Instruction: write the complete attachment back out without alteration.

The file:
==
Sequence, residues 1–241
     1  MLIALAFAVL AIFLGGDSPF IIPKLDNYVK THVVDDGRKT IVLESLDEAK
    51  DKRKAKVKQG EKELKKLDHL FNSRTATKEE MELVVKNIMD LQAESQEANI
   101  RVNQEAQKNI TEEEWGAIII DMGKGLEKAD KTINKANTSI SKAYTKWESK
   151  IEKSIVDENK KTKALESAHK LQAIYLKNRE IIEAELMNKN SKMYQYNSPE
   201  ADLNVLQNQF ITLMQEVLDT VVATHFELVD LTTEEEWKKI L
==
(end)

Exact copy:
Sequence, residues 1–241
     1  MLIALAFAVL AIFLGGDSPF IIPKLDNYVK THVVDDGRKT IVLESLDEAK
    51  DKRKAKVKQG EKELKKLDHL FNSRTATKEE MELVVKNIMD LQAESQEANI
   101  RVNQEAQKNI TEEEWGAIII DMGKGLEKAD KTINKANTSI SKAYTKWESK
   151  IEKSIVDENK KTKALESAHK LQAIYLKNRE IIEAELMNKN SKMYQYNSPE
   201  ADLNVLQNQF ITLMQEVLDT VVATHFELVD LTTEEEWKKI L